Under this fantastic theme is a set of game mechanics that, for the most part, work really well. Armies move around the board at a decent pace (even faster if they have a leadership) which keeps the game moving along. The fate track will keep the Shadow Player sweating, while the two armies of goblins threatening to burst in from the rear will give the Free People’s player something to worry about. There are a lot of moving parts in The Battle of Five Armies and at the heart of it is the action dice system.
Yes, Action Dice. Luck is going to play a factor in The Battle of Five Armies. From what cards you draw, to the outcome of battles, to what you can do on a turn. If you really want to move your armies and you only roll muster results, you’re going to be frustrated. Fortunately, the game designers built a lot of redundancies in the dice mechanics. If you have an army with leadership, you have at least 3-4 different die results that can activate them (maybe more with the right event cards). This bit of forethought has luck still being a factor on what you can do on your turn, but rarely should you be handicapped by it.
In fact, the place where you will be most effected by luck will probably be the combat. While you can set your self up for success with the right amount of troops or playing the right card, at the end of the day it will still come down to a die roll. One of my Shadow Armies was able to break right into a fortification because I rolled 4 “6’s” on my first attack roll. While that’s rare to happen, it can absolutely swing the tide of a battle.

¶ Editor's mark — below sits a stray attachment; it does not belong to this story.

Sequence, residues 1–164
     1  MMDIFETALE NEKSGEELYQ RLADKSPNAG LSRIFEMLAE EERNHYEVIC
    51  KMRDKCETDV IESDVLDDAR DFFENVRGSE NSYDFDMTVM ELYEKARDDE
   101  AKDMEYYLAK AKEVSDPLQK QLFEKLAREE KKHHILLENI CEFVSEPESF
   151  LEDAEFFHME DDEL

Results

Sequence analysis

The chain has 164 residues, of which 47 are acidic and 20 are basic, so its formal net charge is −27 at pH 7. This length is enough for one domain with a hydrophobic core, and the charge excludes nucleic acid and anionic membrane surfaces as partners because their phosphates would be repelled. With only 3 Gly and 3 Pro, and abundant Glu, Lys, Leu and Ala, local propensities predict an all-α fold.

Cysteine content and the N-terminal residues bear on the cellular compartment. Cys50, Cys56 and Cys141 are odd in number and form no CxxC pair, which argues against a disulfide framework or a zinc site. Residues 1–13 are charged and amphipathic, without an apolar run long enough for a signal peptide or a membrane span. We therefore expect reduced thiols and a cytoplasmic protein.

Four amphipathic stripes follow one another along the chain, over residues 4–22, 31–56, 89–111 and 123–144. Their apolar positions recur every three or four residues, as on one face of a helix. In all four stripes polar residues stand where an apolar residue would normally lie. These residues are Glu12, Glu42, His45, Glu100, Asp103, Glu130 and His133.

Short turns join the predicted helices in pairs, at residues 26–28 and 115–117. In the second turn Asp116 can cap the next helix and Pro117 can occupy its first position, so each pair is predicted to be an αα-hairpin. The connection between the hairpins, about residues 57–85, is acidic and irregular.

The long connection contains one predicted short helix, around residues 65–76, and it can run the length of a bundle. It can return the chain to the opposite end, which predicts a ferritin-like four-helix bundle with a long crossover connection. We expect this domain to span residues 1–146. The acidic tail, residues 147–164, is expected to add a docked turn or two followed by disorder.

Finally, I have to say that I absolutely love the hero characters in the game. Each one feels unique and contributes to the game in different ways. As the Shadow player, I’m completely jealous of the Free Peoples pile of characters they get to use when I only have one. Although Bolg is an absolutely monster in combat, you have to balance bringing him with an army vs risking his death (and losing the game). The Free People have that same risk, but they have more characters to part with (Bard always seems to die in our games).
I really enjoyed The Battle of Five Armies… a lot. I was expecting a well crafted sequel to The War of the Ring rooted in a deep theme. I’m very happy that I can say that the designers absolutely delivered on that. The pacing of the game works really well, combat is fierce and frequent, and Middle-Earth shines throughout the game. If I had to nitpick, I’d say the combat can feel a little clunky at times with the damage tokens, but really, that’s a minor criticism of an absolutely fantastic game. Honestly, I can’t wait to get this one to the gaming table again.
While not as grand of a scale as The War of the Ring, The Battle of Five Armies captures your attention from the first die roll and I guarantee it will keep you glued to the board for the long haul. The game play, production values and the minis help to make The Battle of Five Armies worth every penny of its hefty price tag. If you are a fan of the Lord of the Rings series, or even just fantasy war games in general, then treat yourself to a copy of The Battle of Five Armies. It’s an absolutely stellar and bloody romp through Middle-Earth.
If you are interested in getting a copy for yourself, you can get it for about $65.
Final Score: 5 Stars – The Battle of Five Armies is an incredibly well designed game that I am really enjoying. This one has a permanent place in my game library.
• Damage tokens can feel a little clunky at times.